David Sutter
David Sutter
By David Sutter

Jefferson County Prosecutor

May is National Teen Self-Esteem Month, which was created to raise public awareness about how low self-esteem can affect teens. The teenage years are a notoriously difficult time for many young people. On top of physical and emotional changes, teens also must contend with the added pressures of social changes, new relationships, increased educational expectations, and peer pressure.

We should take particular note of this issue as Hoosiers. Indiana’s teen suicide rate has been higher than the national average since 1999. According to the “Indiana Youth Risk Behavior Survey,” 22% of girls and 12% of boys surveyed in grades 9-12 seriously considered attempting suicide in the last year. Suicide is the second leading cause of death for Hoosier teens, with more than 50 Indiana young people committing suicide each year. Jefferson County is no exception. In fact, according to a 2018 New York Times article, in 2016, the suicide rate in Jefferson County was the highest suicide rate for any Indiana county, and more than twice the state average. Compared with the national rate, a startling 3.2 times higher.

It is not just suicide that is a concern. The National Survey of Children’s Health reports that depression is the most prevalent mental disorder experienced among adolescents, with 30.8% of Indiana high school students reporting feeling sad or hopeless to the point that they stopped doing some usual activities almost every day for two or more weeks in a row. Life events can trigger depression, but it can also develop for no apparent reason. Some signs of depression in teens include: difficulty falling asleep, or oversleeping; less socializing with friends or parents; loss of interest in activities they used to enjoy; frequent bouts of crying; or alcohol or drug use.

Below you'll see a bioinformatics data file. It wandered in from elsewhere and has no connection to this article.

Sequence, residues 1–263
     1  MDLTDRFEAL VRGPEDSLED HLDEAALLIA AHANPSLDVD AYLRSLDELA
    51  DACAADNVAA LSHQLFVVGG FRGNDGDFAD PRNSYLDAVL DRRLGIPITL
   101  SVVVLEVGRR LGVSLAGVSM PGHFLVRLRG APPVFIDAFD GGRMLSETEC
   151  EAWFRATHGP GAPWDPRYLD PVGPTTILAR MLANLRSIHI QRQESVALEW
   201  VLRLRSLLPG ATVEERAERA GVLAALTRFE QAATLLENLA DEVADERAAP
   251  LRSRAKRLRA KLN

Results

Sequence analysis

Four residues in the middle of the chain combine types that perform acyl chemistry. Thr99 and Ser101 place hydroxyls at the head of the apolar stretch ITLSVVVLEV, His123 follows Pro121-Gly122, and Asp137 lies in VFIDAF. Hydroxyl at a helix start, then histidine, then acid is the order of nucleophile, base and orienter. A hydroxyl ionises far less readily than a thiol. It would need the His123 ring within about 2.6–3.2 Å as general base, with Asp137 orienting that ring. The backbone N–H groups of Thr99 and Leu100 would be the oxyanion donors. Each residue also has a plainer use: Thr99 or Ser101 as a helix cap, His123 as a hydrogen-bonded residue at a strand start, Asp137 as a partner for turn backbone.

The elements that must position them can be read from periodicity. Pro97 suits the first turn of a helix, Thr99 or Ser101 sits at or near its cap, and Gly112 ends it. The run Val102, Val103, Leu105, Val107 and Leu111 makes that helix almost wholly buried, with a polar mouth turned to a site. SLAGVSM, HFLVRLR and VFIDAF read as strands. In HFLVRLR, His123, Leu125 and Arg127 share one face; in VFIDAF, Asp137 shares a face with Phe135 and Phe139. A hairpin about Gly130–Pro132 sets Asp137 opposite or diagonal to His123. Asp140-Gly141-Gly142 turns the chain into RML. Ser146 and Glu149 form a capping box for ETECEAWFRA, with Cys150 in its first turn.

Teens most at risk for depression and/or suicide include victims of crime or bullying, those experiencing problems with friends, or teens suffering a traumatic event or loss. Some studies also suggest that the more time teenagers spend on social media, the more likely they are to be depressed.

Setting aside a national awareness month provides a good reminder for us to help young people feel more confident about themselves. Parents and guardians of teens are asked to make a particular effort during the month of May to be a positive role model for the young people in their lives. There are many ways to do this, such as leading by example; avoiding negativity; ensuring open lines of communication; building trust; guiding and encouraging your teen to make healthy decisions; listening and taking an interest in their lives. Parents and guardians are in the best position to notice changes in your teen. If he or she shows signs of depression, I encourage you to seek professional help. Visit your child’s pediatrician or make an appointment to talk with a behavioral health specialist.

As your prosecutor, this and every month my office will be working to lift up young people in our community. Our victim’s assistance program is here to ensure the safety and well-being of young victims, and to make sure their voice is heard in our court system. We, along with our law enforcement partners, will always set a good example for the teens around us, and will work to encourage them to be all they can be. My office will continue to actively engage with our community school systems by participating in and monitoring safety protocols, encouraging anti-bullying efforts, helping with career days, serving as guest speakers, and working to cut back on truancy to help more teens graduate.

As a community, we owe it to our teens to help them succeed in life. As we take this opportunity to reflect on how we can best do that, rest assured that as your Prosecutor, I will continue to keep our young people at the forefront of my work every day, and I will always look out for their best interest in the work that we do.